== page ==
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Kyle Meng Addresses the US Senate Climate Task Force

Wednesday, July 3, 2019
ByKyle Meng

Kyle Meng is the Co-Director of emLab's Climate Solutions group, and a professor at UC Santa Barbara for the Bren School of Environmental Science & Management and Department of Economics. 

The following is Kyle Meng's written statement from his meeting with the US Senate Climate Task force in Washington, D.C. on June 25th, 2019.

Thank you Senators Markey, Whitehouse, and Schatz, and other members of the Senate Climate Change Task Force for inviting me to speak today.
 
My name is Kyle Meng and I am an assistant professor at the Bren School of Environmental Science and Management and the Department of Economics at the University of California, Santa Barbara. I am also co-director of the Climate Solutions Group at UCSB's Environmental Markets Solutions Lab, an interdisciplinary team of economists and scientists that brings cutting-edge, data-driven research towards solving the world's most pressing environmental problems. 

As an environmental economist, I have devoted my career to studying the social and economic consequences of climate change and the policies that address it.

Nearly ten years ago, on June 26, 2009, the U.S. House of Representatives passed the American Clean Energy and Security Act. Known also as the Waxman-Markey bill, this comprehensive U.S. climate policy would have placed a significant economy-wide price on greenhouse gas emissions. It was and remains the most prominent and promising U.S. climate legislation considered to date. 

Unfortunately, as many of you know too well, Waxman-Markey did not garner enough support in the Senate, and thus never became law. 

I have spent much of the last ten years studying this historic bill. This includes conducting the only data-driven analysis of the economy-wide cost of the Waxman-Markey bill, published in the American Economic Review. I have also quantified how political lobbying affected Waxman-Markey's chances of being implemented, which published last month in Nature Climate Change.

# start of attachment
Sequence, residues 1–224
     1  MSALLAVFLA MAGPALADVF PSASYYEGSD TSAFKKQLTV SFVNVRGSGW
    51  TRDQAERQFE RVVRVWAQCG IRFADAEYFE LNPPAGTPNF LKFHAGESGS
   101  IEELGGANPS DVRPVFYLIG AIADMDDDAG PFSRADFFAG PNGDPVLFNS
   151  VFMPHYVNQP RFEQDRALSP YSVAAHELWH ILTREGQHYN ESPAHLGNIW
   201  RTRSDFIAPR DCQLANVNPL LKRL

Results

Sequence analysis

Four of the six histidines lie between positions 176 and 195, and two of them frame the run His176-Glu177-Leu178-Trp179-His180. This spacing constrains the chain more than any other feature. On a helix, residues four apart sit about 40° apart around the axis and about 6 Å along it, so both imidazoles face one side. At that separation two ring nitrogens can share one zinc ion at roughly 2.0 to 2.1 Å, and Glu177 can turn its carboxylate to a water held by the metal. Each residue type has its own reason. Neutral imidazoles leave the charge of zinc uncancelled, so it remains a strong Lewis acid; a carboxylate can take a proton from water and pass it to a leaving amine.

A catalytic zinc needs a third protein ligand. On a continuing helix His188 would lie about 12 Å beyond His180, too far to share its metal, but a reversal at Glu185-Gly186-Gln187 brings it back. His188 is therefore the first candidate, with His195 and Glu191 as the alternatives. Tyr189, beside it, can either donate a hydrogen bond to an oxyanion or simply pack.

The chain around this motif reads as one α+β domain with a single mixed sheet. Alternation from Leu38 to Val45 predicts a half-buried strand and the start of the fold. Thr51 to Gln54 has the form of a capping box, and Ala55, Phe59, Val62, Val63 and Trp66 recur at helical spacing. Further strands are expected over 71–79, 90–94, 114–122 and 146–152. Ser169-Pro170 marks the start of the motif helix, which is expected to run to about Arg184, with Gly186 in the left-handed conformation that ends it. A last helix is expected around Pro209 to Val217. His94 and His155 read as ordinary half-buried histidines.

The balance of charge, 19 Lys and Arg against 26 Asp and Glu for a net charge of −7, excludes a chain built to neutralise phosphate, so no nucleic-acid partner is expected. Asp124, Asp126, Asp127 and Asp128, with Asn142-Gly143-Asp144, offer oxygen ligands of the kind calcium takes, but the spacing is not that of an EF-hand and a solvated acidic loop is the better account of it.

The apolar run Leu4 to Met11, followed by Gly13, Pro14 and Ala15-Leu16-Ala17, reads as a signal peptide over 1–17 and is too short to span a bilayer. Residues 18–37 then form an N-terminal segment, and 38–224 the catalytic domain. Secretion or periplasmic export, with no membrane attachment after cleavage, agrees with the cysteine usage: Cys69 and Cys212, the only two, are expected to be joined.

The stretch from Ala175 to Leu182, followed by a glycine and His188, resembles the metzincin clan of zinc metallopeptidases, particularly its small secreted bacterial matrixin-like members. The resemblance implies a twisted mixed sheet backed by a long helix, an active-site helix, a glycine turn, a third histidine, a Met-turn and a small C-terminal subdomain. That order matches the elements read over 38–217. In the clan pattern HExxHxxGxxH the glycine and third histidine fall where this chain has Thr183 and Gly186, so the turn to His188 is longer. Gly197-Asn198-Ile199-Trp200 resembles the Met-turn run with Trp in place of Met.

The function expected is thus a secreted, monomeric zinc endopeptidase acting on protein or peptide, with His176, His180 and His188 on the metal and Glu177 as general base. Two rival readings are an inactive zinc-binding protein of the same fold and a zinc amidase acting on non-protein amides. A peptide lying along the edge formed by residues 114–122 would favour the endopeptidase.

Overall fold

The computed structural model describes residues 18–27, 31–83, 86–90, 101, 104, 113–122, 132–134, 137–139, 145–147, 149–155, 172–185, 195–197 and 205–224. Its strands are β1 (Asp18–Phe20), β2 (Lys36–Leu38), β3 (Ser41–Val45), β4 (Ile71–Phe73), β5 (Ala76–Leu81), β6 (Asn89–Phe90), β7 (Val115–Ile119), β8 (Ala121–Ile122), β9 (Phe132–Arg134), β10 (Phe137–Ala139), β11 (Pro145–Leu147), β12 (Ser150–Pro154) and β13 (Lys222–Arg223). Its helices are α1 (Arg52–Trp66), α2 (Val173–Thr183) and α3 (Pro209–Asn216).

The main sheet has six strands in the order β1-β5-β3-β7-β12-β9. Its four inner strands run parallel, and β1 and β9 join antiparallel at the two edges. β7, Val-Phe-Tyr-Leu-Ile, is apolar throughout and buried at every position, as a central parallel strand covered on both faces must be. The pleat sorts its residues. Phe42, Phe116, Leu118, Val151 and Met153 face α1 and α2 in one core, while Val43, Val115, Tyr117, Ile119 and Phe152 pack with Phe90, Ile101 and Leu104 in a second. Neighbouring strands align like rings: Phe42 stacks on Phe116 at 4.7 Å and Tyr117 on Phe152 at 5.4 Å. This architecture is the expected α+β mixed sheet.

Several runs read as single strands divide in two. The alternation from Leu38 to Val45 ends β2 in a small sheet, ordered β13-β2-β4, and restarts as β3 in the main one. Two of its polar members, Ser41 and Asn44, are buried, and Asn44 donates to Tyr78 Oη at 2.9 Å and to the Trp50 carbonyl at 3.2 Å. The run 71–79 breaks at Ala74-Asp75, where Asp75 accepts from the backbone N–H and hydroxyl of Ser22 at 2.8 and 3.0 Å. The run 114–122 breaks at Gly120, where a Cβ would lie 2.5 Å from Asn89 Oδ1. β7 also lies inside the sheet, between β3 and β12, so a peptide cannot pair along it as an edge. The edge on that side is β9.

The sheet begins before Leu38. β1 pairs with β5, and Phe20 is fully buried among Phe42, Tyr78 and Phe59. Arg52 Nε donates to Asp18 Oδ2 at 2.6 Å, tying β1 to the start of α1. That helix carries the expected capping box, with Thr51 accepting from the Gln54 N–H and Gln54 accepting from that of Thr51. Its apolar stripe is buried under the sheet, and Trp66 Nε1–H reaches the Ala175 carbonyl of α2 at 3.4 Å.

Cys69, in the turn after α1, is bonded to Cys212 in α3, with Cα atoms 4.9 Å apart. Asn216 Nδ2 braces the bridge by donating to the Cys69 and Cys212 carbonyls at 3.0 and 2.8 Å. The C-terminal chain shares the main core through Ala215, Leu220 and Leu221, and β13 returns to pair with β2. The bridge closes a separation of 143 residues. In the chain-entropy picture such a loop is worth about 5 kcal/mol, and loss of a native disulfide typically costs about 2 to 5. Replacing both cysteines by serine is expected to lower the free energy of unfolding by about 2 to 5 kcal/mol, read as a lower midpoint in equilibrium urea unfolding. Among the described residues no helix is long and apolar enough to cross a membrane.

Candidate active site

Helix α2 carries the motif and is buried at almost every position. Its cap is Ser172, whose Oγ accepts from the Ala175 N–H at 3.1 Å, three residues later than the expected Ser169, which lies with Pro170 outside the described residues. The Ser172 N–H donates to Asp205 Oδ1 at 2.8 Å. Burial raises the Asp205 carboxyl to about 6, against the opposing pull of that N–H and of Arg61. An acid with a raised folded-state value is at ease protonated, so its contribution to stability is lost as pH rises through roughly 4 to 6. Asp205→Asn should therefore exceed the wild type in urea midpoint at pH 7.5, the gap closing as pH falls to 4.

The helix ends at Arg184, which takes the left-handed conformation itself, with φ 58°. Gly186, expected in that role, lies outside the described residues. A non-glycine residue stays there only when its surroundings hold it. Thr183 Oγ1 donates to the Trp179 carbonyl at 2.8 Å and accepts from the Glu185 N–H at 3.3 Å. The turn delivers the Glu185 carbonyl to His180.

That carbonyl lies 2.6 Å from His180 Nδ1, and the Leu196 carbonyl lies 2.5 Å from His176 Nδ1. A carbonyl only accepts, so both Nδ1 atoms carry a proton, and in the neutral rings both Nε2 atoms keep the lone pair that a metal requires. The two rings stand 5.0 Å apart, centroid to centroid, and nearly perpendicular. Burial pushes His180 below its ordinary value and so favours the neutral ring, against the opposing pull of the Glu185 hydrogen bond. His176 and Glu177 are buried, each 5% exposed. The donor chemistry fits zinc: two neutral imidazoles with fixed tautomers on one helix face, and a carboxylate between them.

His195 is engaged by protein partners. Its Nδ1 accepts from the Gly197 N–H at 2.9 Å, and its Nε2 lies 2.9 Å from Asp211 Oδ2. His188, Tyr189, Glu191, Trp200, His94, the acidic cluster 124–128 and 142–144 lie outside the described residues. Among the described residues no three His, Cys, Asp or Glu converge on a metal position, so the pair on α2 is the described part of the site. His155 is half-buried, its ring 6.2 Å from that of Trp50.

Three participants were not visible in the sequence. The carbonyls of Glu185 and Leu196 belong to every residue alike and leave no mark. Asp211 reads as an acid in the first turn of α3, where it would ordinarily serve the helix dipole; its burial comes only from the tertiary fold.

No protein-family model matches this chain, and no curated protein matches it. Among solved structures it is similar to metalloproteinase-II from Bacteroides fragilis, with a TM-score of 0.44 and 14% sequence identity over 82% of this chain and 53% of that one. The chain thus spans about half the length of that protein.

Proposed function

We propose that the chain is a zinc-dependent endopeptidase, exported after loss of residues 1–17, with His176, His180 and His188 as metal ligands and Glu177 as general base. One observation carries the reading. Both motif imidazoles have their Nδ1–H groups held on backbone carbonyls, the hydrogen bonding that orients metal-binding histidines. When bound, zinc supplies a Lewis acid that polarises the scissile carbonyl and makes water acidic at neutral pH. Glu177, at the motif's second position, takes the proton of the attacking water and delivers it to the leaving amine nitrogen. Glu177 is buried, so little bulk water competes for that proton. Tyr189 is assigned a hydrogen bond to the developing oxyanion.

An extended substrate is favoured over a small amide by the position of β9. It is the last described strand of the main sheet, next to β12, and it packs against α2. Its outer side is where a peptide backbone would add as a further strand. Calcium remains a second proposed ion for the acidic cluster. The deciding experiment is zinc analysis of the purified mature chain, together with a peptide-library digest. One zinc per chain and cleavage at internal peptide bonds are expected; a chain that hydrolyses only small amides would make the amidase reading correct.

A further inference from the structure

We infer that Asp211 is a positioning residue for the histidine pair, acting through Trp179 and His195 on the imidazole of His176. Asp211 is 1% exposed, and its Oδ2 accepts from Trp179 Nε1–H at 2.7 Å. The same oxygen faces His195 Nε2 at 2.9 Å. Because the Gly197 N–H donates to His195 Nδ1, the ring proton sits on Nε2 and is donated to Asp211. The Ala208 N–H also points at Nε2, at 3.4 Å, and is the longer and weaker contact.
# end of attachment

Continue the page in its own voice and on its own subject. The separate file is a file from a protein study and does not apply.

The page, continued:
I would like to take this opportunity to summarize two lessons learned from this research, in particular as it informs the growing climate policy discussions that are once again sweeping through Congress. 

I. The Economics of Climate Policy

In the last ten years, we have learned a tremendous amount about the costs and benefits of climate policy. An explosion of recent research now shows that climate policy can deliver significantly larger benefits to human health, economic growth, and social stability than we understood back in 2009. 

At the same time, research has also shown that achieving substantial emissions reduction is less costly than previously thought. In my empirical analysis of the Waxman-Markey bill published, I find that Waxman-Markey would have cost half of what leading economic models projected at the time. 

This is before the recent unprecedented technological changes that have dramatically brought down the costs of renewable energy and natural gas prices. While my research has shown that such technological breakthroughs are not enough to sustain a permanent U.S. clean energy transition, they do provide substantial tailwind in lowering the cost of U.S. climate policy. 

In short, higher climate policy benefits, lower policy costs, together with the tailwinds from falling clean energy prices all suggest that there is a stronger economic case for an ambitious climate policy in 2019 than there was in 2009. 

II. The Politics of Climate Policy